Back Tracks: Deck the halls
By ROSE HOOVER
We weren’t decking the halls with boughs of holly back in the 1950s, but we were putting up lots of Christmas decorations.
Most of these types of decorations have now been replaced with newer versions. And some have been done away with completely, like that white spun-glass material that was strangely named “Angel Hair.” No respectable angel would have ever worn that itchy, itchy stuff. For those of you who are lucky enough to never have dealt with angel hair, it was kind of like a giant sheet of white candy cotton spun glass. You pulled it apart and placed it on the Christmas tree, or under the tree as “snow” for the Christmas village.
Then you immediately went to the sink and washed your hands diligently to try to remove the itch and minute shards of glass. Maybe you even changed your clothes.
I preferred the soft sheets of cotton batting to use for the “snow” in our Christmas village. The cotton was covered with silver glitter and sparkled when the Christmas lights shone on it. The village under the tree consisted of cardboard houses and churches. You stuck lights in a hole in the back of the houses, and the light would shine through their cellophane windows, which were usually cracked and broken from age.
Thinking about it, cardboard houses plus hot lights was a certain recipe for a fire. For sure, there were always brown scorch marks on the sheets of cotton batting, when we pulled them out of the big cardboard Christmas decoration box each year.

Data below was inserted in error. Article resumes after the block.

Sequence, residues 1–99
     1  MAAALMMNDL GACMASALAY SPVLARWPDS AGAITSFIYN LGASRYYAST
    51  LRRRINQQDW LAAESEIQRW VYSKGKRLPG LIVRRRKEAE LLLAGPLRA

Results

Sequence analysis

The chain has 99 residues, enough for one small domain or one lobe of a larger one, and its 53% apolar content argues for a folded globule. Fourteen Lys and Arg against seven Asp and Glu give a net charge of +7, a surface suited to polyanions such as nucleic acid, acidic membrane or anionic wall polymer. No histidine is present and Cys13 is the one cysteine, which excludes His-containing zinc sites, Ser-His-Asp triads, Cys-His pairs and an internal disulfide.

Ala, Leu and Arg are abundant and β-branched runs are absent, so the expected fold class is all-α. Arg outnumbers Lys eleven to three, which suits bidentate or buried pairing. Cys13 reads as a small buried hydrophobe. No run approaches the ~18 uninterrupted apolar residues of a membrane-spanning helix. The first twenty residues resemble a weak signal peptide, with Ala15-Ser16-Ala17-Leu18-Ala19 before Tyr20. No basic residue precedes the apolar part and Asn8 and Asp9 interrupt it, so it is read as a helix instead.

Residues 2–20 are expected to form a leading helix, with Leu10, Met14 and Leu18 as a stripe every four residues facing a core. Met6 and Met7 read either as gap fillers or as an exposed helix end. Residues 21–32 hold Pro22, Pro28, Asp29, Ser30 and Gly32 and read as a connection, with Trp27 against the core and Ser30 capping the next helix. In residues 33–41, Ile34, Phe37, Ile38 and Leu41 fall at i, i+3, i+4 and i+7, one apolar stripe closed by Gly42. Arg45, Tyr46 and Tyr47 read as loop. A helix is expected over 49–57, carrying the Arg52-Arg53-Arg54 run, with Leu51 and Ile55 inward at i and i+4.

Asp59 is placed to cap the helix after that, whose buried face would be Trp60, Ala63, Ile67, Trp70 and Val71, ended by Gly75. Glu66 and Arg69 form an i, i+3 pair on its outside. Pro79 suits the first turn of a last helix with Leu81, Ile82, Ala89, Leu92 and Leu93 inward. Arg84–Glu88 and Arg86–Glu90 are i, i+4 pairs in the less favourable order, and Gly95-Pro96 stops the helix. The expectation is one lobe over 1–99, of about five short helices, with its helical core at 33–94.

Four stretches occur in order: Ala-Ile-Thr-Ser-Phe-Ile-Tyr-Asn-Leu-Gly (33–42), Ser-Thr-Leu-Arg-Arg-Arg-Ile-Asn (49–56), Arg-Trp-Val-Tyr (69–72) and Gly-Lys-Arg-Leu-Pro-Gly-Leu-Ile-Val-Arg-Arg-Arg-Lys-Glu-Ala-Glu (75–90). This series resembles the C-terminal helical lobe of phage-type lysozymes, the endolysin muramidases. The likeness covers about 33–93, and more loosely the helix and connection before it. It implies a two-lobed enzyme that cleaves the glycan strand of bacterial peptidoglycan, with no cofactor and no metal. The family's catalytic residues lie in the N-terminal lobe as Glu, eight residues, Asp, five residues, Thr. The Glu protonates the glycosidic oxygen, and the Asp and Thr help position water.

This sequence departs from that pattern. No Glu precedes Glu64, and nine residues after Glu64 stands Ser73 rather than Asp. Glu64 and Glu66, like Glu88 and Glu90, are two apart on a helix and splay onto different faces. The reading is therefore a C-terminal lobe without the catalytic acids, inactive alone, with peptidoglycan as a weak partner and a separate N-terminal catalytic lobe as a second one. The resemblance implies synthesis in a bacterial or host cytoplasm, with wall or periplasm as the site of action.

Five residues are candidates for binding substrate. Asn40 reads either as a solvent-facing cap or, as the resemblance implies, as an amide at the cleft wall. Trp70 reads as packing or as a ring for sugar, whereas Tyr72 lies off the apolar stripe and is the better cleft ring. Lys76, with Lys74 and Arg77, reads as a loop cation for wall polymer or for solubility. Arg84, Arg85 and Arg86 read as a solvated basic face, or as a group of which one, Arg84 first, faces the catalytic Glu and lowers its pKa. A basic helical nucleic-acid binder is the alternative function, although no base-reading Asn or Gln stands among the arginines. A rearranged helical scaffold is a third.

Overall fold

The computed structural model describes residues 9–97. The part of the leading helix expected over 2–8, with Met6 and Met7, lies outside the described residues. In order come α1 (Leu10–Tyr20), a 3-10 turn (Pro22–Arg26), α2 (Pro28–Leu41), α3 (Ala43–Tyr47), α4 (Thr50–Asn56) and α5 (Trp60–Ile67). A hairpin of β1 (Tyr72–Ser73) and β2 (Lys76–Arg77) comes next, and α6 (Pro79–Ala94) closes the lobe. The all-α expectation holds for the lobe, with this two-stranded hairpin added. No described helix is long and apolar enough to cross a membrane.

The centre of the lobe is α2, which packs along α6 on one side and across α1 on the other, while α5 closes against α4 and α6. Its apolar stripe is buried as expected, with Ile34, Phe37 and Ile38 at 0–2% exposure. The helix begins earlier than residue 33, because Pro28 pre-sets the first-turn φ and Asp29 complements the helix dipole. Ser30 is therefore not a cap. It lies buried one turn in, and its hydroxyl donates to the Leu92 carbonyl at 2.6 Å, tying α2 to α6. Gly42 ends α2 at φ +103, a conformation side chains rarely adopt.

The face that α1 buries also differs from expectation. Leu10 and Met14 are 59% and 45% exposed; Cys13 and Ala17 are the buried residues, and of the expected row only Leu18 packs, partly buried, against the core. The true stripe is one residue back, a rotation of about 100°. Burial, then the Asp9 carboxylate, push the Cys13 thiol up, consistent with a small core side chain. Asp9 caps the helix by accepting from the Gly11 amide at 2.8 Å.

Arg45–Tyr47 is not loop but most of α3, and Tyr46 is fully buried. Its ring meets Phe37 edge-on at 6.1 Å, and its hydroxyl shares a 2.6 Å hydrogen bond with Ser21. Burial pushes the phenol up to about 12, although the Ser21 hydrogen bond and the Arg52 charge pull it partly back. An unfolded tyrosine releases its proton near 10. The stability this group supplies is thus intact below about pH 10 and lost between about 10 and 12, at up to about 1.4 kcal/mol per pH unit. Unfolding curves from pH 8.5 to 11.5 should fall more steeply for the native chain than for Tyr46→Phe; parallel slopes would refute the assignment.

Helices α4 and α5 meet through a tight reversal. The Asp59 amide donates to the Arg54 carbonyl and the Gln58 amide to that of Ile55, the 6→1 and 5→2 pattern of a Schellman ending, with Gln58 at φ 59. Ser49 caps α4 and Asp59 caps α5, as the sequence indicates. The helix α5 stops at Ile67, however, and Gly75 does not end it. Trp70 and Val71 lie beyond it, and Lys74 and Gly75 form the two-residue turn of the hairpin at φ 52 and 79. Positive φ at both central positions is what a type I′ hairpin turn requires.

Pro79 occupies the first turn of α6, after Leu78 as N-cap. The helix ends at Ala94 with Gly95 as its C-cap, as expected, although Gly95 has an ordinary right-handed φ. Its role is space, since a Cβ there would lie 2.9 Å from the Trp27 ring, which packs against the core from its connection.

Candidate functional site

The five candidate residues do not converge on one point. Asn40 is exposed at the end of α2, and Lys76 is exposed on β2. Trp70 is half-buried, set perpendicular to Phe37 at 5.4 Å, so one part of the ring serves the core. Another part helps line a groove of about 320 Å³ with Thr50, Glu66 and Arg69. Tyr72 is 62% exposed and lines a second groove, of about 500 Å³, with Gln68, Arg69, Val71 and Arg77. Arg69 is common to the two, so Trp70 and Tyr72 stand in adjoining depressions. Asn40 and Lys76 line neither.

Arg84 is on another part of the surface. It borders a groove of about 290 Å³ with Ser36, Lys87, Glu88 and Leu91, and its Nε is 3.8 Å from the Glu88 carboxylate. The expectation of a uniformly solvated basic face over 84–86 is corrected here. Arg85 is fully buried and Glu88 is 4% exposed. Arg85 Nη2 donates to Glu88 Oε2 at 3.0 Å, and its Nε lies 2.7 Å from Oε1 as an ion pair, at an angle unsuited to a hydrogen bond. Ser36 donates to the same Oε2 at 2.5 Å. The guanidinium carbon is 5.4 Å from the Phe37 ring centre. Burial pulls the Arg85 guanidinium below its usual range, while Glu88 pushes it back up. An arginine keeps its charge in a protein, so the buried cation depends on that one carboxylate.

Multi-colored Christmas bulbs back then were hot and big, with the colored coating eventually chipping off. And if one light went out in the string – they all went out.
Silver stands of icicles were the crowning touch for the Christmas tree. If you were lucky, you got a new box of 1,000-strand icicles each year, and you could pull them out of their box easily. Not us — we used the same ones — laboriously taking them on and off the tree each year.
You would pick apart the thin icicles and drape them carefully, one by one, on the tree branches. That is, until you reached the top.
When I was a little girl of 10 years old, I could never reach high enough to decorate the top of the tree. So I would grab a handful of icicles, give them a toss towards a bare spot on the tree, and hope that the cluster of silver strands would somehow come apart and hang straight on the branches. That never happened, so there were usually a bunch of messy silver icicles at the top of our tree.
And Christmas trees back then weren’t the perfectly-shaped ones of today. No, they were whatever you could find out in the woods. Big, little, fat, skinny, and pine or spruce — but every one of them looked beautiful when covered with lights, icicles, and Shiny-Brite ornaments.
Long garlands of blue-and-silver tinsel covered the tops of the window curtains. And in the bottom pane of each window, a lighted red cellophane wreath hung.
I went on an eBay buying spree last year, and purchased some of my fondest memories of old Christmas decorations. Like a hard plastic angel tree topper, who holds a plastic wand and, yes, she has white “angel hair” hair.
I remember our angel from long ago was melted and black from that big light you put in her back. Geez!
I also purchased a red cellophane wreath with a cardboard candle holder; and a cardboard wreath with three cardboard bells hanging from it, which look like they are covered with aluminum foil.
Maybe you remember some of these decorations that we had in the old wooden frame house that sat next to the back tracks. I guess children of every age have wonderful memories of their childhood Christmases. But in my mind, Christmases of the 1950s and 1960s MUST have been the most special; because that was the only time of year that we received new toys.
You can buy old Christmas decorations, but you can never buy back the old magical feelings of Christmas as a child. I hope you find some joy in the memories that I have shared with you, and wish all of you a Blessed and Merry Christmas.
Rose Hoover is a
freelance writer for
She can be reached at email@example.com or 814-387-4016.